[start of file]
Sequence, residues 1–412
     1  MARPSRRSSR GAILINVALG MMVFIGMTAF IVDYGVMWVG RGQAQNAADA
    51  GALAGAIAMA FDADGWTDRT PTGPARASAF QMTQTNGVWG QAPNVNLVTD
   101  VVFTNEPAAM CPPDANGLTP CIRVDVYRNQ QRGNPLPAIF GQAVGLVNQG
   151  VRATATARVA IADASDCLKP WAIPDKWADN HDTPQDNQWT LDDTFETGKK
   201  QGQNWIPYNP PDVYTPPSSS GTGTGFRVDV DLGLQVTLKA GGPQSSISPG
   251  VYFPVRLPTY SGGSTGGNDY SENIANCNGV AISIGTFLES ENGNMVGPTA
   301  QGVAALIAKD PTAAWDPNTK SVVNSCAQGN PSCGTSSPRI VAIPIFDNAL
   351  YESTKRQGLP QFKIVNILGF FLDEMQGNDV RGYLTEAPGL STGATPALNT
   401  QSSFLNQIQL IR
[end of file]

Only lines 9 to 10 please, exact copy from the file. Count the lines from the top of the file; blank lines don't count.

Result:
   351  YESTKRQGLP QFKIVNILGF FLDEMQGNDV RGYLTEAPGL STGATPALNT
   401  QSSFLNQIQL IR